January 3, 2021

A new year

A year ago the initial reports of a “novel coronavirus” causing severe respiratory illnesses started making the rounds. What a year it has been since then. These two brief articles in Journal Watch review what happened each month of 2020- the first is a review of the first 6 months and the second is the other half of the year. They briefly summarize the year and are interesting to look at. Such a year of grief and heartbreak, but also a year of so much innovation and cooperation. The speed of knowledge obtained is astonishing. We know better how to treat the disease with improve survival and now how to prevent it with several vaccines. We are also better able to surveil it so the new fast moving strain can be monitored and warnings made for people to be more careful about transmission. The new strain is definitely in California and therefore can be considered to be spreading across the country. Keep up your methods that have kept you safe so far!

Frustratingly, the vaccine rollout is having issues. I am not surprised about difficulties when trying to arrange something on a massive scale without direction and support from the federal government. So sad. It doesn’t have to be this way. Right now, each state is essentially on its own, some having things go more smoothly than others.

The vaccines are very effective with good data, but we don’t have enough of them. Now experts are looking for ways to make them go farther. Actually, the idea of giving half size dosing is not crazy, there is some data supporting the idea. Half dosing seems better than only giving one dose. We need this innovative thinking to help us have enough and get people vaccinated faster.

We have two problems right now that are going to make it harder for a while. One is the new variant that is more transmissible, which alone is concerning, especially as people relax their social distancing. When you combine it with the surge in travel over the holidays, we may have another explosion of cases with deaths to follow. The vaccines can’t prevent that because we can’t get people vaccinated yesterday. The vaccine is still expected to work on the new variant, so do get a vaccine when you can.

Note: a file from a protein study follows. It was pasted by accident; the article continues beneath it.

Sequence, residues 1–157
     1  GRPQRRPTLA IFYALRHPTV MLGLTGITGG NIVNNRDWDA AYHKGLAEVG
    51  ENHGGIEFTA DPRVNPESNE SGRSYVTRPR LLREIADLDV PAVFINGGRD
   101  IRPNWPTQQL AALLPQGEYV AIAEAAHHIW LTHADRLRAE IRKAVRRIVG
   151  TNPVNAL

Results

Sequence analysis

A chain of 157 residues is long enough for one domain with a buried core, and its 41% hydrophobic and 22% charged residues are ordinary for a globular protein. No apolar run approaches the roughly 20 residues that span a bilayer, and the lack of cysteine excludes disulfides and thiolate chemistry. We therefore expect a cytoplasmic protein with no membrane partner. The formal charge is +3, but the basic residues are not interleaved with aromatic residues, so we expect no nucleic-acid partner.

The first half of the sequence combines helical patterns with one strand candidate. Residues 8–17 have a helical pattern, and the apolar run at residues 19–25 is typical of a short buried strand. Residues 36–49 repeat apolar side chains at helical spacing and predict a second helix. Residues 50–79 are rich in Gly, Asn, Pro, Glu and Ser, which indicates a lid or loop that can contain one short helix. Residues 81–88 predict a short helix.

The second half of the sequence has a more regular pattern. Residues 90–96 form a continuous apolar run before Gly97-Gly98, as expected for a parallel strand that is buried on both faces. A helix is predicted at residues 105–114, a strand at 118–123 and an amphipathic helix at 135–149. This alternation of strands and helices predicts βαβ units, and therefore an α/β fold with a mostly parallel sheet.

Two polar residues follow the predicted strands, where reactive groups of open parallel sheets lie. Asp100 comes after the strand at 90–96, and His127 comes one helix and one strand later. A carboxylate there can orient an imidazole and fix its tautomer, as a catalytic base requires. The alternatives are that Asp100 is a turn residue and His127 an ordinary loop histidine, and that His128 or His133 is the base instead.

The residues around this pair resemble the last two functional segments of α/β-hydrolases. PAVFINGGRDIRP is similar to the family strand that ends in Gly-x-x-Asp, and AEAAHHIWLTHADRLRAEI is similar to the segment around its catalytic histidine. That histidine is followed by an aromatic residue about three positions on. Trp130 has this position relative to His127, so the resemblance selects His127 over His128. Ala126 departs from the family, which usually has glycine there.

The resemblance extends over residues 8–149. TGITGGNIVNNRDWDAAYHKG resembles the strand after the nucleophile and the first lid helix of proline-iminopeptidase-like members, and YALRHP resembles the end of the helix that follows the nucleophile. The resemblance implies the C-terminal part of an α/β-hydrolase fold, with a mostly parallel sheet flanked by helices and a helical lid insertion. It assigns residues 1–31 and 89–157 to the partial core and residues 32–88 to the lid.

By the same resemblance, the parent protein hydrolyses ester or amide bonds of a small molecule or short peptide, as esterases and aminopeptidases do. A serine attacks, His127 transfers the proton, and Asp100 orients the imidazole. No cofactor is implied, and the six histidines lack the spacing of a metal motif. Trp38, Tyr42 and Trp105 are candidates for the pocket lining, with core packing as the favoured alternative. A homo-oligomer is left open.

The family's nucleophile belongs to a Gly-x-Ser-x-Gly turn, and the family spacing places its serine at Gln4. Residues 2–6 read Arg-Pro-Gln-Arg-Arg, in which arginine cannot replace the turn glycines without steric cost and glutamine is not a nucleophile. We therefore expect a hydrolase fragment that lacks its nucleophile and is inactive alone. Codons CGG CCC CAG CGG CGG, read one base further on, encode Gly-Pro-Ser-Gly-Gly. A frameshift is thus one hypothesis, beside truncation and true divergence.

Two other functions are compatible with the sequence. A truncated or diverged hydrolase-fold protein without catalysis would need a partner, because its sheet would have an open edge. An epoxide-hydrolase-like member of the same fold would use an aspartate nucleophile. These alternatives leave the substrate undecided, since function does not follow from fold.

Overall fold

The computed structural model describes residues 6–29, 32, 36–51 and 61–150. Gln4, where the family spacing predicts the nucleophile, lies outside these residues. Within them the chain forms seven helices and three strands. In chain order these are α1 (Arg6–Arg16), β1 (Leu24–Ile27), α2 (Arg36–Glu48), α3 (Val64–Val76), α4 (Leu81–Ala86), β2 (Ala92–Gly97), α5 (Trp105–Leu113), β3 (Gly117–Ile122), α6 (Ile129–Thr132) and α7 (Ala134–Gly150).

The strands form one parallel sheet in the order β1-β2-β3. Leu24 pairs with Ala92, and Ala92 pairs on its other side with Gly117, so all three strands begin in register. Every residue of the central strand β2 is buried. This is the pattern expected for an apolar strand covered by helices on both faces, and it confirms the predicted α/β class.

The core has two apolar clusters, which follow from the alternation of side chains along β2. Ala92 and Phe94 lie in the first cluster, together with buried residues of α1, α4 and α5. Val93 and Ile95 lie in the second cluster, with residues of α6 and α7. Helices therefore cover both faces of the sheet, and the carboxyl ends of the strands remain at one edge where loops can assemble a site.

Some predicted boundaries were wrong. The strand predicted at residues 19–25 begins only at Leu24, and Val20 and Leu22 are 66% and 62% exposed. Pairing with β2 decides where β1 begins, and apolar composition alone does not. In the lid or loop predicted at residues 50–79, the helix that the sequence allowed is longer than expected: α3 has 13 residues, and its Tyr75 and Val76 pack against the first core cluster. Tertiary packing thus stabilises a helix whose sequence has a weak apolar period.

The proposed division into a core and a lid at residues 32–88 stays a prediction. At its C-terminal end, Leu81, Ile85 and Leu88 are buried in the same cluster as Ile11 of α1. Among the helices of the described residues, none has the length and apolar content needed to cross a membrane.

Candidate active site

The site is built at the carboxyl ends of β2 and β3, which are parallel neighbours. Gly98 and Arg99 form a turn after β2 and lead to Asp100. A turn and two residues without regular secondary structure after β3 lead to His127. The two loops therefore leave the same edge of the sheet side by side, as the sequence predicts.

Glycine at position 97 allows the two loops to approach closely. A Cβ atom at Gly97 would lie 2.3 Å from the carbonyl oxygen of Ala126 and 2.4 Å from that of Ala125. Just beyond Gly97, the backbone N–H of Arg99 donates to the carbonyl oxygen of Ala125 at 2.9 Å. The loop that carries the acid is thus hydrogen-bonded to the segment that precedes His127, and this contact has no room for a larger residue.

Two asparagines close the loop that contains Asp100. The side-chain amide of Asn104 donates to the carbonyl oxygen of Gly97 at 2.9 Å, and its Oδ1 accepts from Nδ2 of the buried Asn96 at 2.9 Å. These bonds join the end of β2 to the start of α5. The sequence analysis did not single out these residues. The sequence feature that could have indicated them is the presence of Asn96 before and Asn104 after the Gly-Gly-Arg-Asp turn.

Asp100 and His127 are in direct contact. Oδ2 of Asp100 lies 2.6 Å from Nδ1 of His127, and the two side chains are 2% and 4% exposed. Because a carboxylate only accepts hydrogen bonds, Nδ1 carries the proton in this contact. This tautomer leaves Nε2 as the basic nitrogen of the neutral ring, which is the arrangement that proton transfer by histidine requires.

The other issue is how many people, including health care workers, are reluctant to get a COVID-19 vaccine. Not because they are anti-vaxxers but for other concerns like how fast the vaccine was developed and approved. The politicization of the process hasn’t helped. But they also hear about the severe allergic reactions in the news and suddenly have real fear it could happen to them. Even though these rare and treatable allergic reactions have only happened about 1-2 times in a million doses, all the news services spread the reports. Suddenly, the risk of an allergic reaction weighs on their mind, even though the risk of COVID-19 is so much higher. Relative risk vs perceived risk can be a challenging concept. It takes time to help someone see the difference and answer their questions. A group of Allergy experts has released a statement reassuring people about the rare risks of allergic reaction. We will be busy educating about vaccine safety and how they work. Please help if you can. Reassure your friends and family. The more people immunized the better and the faster we can return to visiting with each other.

Wash your hands, cover your nose, keep safe six, and keep up to date in your knowledge.

And finally, my caveat is that this is my experience and my opinions, which are subject to change as more information is available, and not related to the organization I work for. Thanks for reading.









https://www.sciencedaily.com/releases/2020/12/201231131638.htm allergic reaction